Abstract [from journal]

Background: Early studies suggest that coronavirus disease 2019 (COVID-19) is associated with a high incidence of cardiac arrhythmias. SARS-CoV-2 infection may cause injury to cardiac myocytes and increase arrhythmia risk.

Objective: To evaluate the risk of cardiac arrest and arrhythmias including incident atrial fibrillation (AF), bradyarrhythmias, and nonsustained ventricular tachycardia (NSVT) in a large urban population hospitalized for COVID-19. We also evaluated correlations between the

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Preferences For Predictive Model Characteristics Among People Living With Chronic Lung Disease: A Discrete Choice Experiment

Jun. 12, 2020

Gary E. Weissman, Kuldeep N. Yadav, Trishya Srinivasan, Stephanie Szymanski, Florylene Capulong, Vanessa Madden, Katherine R. Courtright, Joanna L. Hart, David A. Asch, Sarah J. Ratcliffe, Marilyn M....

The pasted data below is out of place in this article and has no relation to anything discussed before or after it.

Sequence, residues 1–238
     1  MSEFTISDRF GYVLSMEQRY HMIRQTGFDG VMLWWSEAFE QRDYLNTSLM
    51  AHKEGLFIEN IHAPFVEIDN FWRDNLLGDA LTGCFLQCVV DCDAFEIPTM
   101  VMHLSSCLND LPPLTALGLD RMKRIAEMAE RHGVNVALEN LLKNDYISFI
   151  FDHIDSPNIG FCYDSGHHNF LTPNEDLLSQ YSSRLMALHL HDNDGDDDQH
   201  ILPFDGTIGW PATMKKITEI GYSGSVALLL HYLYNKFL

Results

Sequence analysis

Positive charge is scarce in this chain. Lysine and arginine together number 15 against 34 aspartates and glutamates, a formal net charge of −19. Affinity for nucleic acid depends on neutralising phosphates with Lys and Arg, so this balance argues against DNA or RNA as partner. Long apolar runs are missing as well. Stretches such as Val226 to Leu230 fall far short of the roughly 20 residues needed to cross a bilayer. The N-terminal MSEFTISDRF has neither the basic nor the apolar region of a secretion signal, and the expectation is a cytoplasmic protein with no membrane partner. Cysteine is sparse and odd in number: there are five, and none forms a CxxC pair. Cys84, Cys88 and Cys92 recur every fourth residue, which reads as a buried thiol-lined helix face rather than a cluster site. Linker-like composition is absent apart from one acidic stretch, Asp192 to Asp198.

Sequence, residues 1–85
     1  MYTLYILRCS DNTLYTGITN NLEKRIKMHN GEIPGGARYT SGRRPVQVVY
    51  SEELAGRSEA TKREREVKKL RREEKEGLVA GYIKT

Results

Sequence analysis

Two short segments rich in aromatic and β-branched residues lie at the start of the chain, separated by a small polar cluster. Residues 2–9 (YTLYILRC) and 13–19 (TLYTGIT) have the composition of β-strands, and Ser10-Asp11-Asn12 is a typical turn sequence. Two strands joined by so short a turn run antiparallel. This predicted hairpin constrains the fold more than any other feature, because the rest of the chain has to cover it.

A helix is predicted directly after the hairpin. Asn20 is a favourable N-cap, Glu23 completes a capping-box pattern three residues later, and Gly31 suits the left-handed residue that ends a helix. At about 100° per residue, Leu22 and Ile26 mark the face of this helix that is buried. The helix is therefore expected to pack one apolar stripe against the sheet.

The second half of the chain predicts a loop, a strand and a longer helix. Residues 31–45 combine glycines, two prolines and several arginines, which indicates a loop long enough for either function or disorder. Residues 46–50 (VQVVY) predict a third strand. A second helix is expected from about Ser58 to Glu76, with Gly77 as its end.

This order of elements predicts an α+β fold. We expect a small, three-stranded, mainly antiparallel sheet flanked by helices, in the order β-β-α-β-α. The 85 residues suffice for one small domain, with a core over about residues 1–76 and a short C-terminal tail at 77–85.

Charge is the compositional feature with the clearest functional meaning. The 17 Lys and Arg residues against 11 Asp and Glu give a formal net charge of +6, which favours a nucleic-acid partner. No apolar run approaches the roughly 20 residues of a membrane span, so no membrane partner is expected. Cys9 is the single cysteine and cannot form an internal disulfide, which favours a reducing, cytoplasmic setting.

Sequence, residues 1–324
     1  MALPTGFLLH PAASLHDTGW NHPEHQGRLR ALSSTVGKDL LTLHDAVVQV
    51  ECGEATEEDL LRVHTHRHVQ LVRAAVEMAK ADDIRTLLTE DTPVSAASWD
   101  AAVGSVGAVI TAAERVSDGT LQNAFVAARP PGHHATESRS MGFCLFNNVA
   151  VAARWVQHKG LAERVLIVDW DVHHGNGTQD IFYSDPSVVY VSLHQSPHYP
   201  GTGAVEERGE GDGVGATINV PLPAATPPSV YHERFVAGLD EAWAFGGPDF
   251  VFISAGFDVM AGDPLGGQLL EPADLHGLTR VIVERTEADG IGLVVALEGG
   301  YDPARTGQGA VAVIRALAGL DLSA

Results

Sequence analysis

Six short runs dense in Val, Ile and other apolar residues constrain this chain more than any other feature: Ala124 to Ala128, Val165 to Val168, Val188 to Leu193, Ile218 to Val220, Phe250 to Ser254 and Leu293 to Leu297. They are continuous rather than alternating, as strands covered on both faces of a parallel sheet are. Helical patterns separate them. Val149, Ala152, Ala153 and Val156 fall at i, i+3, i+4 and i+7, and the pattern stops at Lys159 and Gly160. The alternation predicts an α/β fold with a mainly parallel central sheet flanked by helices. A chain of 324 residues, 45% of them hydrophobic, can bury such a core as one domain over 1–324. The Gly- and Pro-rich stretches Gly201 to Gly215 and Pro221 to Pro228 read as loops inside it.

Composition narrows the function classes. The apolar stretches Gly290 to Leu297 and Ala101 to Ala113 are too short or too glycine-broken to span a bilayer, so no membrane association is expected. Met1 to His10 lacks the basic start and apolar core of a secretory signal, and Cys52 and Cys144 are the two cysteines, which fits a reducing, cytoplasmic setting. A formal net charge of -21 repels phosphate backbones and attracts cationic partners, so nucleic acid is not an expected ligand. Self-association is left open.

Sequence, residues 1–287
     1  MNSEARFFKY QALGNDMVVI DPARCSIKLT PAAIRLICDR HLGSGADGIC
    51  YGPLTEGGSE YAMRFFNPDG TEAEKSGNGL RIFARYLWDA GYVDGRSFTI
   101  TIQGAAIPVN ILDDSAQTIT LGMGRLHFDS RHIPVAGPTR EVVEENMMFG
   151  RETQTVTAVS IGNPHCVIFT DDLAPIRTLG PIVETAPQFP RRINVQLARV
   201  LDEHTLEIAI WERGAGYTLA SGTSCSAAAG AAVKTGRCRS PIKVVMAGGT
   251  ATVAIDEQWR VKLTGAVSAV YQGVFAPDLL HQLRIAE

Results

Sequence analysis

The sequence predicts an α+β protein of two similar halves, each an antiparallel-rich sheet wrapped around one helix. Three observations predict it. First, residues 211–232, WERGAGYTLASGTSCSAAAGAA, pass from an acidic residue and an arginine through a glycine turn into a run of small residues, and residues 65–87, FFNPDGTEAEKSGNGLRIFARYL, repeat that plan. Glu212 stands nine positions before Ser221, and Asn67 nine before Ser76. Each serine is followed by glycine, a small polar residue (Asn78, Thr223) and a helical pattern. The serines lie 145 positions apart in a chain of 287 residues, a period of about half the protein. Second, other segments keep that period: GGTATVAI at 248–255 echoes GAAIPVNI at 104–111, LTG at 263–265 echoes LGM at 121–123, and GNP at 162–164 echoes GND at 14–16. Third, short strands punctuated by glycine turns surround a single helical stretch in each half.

Abstract [from journal]

Background. Patients may find clinical prediction models more useful if those models accounted for preferences for false-positive and false-negative predictive errors and for other model characteristics. Methods. We conducted a discrete choice experiment to compare preferences for characteristics of a hypothetical mortality prediction model among community-dwelling patients with chronic lung disease recruited from 3 clinics in Philadelphia. This design was chosen to allow us to quantify "exchange

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Nature Prescriptions For Health: A Review Of Evidence And Research Opportunities

Jun. 12, 2020

Michelle C. Kondo, Kehinde O. Oyekanmi, Allison Gibson, Eugenia C. South, Jason Bocarro, J Aaron Hipp

Abstract [from journal]

Nature prescription programs have emerged to address the high burden of chronic disease and increasingly sedentary and screen-based lifestyles. This study examines the base of evidence regarding such programs. We conducted a narrative review of published literature using four electronic databases. We included case studies, research design articles, and empirical studies that discussed any type of outdoor exposure or activities initiated by a health-care provider from an outpatient clinic. We examined articles for information on target